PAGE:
Please note that the recommended version of Scilab is 6.1.1. This page might be outdated.

See the recommended documentation of this function

# princomp

Principal components analysis

### Calling Sequence

[facpr,comprinc,lambda,tsquare] = princomp(x,eco)

### Arguments

- x
is a

`n`

-by-`p`

(`n`

individuals,`p`

variables) real matrix.- eco
a boolean, use to allow economy size singular value decomposition.

- facpr
A

`p`

-by-`p`

matrix. It contains the principal factors: eigenvectors of the correlation matrix`V`

.- comprinc
a

`n`

-by-`p`

matrix. It contains the principal components. Each column of this matrix is the M-orthogonal projection of individuals onto principal axis. Each one of this columns is a linear combination of the variables x1, ...,xp with maximum variance under condition`u'_i M^(-1) u_i=1`

- lambda
is a

`p`

column vector. It contains the eigenvalues of`V`

, where`V`

is the correlation matrix.- tsquare
a

`n`

column vector. It contains the Hotelling's T^2 statistic for each data point.

### Description

This function performs "principal component analysis" on the
`n`

-by-`p`

data matrix
`x`

.

The idea behind this method is to represent in an approximative manner a cluster of n individuals in a smaller dimensional subspace. In order to do that, it projects the cluster onto a subspace. The choice of the k-dimensional projection subspace is made in such a way that the distances in the projection have a minimal deformation: we are looking for a k-dimensional subspace such that the squares of the distances in the projection is as big as possible (in fact in a projection, distances can only stretch). In other words, inertia of the projection onto the k dimensional subspace must be maximal.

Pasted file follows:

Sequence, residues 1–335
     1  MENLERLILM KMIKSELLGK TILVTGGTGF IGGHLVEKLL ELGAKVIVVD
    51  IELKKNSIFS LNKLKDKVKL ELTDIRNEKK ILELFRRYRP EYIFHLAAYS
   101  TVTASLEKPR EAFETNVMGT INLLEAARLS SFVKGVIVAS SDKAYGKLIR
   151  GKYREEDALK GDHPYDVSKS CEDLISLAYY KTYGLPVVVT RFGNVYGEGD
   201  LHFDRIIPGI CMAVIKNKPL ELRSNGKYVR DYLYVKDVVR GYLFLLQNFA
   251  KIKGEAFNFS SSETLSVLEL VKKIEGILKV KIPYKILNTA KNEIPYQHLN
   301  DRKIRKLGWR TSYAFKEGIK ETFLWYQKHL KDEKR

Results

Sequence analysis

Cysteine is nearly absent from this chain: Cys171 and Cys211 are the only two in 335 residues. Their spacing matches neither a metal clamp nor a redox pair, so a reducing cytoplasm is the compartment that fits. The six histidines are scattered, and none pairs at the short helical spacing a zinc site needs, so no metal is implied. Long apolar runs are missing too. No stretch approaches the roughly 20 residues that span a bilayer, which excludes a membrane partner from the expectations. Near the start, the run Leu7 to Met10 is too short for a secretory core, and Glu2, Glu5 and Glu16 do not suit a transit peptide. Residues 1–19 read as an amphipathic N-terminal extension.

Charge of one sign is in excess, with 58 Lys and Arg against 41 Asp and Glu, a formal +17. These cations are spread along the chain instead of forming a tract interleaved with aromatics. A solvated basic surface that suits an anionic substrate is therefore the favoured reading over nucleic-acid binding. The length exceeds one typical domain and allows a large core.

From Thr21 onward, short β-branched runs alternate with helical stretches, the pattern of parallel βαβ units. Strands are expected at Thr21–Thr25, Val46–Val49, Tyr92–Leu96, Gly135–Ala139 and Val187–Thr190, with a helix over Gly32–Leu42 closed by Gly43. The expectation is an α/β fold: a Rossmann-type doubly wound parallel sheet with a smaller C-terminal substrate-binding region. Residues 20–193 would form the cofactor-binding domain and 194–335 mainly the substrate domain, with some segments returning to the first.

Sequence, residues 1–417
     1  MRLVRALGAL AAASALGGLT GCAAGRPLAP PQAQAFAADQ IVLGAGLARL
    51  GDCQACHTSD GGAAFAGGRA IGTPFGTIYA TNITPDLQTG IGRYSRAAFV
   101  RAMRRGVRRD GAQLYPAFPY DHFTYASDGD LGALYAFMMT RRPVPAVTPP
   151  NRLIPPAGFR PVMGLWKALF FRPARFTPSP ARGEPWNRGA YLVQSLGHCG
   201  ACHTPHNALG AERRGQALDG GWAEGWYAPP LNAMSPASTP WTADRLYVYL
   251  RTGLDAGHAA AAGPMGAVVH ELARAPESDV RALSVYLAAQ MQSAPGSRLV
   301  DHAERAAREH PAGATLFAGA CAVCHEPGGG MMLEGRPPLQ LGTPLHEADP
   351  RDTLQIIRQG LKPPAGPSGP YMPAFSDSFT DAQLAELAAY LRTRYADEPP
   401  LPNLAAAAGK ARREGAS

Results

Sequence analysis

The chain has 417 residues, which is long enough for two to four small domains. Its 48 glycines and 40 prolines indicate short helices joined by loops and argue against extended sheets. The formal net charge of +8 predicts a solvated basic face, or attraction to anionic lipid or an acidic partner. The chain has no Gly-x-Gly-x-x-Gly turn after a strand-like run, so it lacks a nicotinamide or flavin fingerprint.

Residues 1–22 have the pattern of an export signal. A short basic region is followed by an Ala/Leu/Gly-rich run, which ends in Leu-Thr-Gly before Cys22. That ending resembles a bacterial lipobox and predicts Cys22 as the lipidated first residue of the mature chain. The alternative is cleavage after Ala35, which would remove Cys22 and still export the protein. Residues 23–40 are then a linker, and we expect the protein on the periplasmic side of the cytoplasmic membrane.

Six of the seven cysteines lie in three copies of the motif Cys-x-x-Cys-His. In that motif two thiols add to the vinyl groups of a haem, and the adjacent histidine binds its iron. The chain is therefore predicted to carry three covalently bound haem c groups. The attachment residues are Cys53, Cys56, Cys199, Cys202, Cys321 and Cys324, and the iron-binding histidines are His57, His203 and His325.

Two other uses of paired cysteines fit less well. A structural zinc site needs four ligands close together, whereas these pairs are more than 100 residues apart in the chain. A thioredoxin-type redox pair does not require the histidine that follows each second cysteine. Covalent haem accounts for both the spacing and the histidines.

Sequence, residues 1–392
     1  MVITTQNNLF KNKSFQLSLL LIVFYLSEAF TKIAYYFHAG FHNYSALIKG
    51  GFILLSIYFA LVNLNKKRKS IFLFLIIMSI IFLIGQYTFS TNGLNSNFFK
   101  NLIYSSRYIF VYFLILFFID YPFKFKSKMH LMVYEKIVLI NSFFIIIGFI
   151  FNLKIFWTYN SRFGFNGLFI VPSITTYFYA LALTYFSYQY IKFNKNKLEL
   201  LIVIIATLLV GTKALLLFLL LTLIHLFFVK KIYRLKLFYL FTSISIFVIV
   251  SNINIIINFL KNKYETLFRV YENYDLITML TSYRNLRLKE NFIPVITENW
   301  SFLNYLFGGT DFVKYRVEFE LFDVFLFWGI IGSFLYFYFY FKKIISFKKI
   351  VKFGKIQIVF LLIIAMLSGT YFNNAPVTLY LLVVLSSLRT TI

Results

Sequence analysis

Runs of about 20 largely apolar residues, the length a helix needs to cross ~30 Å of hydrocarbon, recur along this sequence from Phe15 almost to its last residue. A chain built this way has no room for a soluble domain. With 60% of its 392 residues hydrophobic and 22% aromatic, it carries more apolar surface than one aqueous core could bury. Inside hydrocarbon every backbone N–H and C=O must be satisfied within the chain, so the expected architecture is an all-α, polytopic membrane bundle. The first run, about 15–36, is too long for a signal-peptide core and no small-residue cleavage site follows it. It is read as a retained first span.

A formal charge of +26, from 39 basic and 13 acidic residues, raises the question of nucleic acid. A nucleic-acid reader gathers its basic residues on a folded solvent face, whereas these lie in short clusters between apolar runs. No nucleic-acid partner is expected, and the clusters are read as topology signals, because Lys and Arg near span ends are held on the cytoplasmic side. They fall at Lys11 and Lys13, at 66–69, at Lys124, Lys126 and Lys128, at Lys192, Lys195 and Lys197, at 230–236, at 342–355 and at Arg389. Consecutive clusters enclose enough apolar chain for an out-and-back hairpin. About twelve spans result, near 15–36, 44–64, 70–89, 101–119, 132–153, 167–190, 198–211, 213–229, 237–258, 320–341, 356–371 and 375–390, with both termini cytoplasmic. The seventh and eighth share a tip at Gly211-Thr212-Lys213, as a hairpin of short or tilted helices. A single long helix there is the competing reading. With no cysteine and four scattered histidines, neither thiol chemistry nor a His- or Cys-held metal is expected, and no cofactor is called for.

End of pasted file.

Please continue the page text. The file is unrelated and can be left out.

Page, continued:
To compute principal component analysis with standardized variables may use
`princomp(wcenter(x,1))`

or use the pca function.

### Examples

a=rand(100,10,'n'); [facpr,comprinc,lambda,tsquare] = princomp(a);

### See Also

### Bibliography

Saporta, Gilbert, Probabilites, Analyse des Donnees et Statistique, Editions Technip, Paris, 1990.

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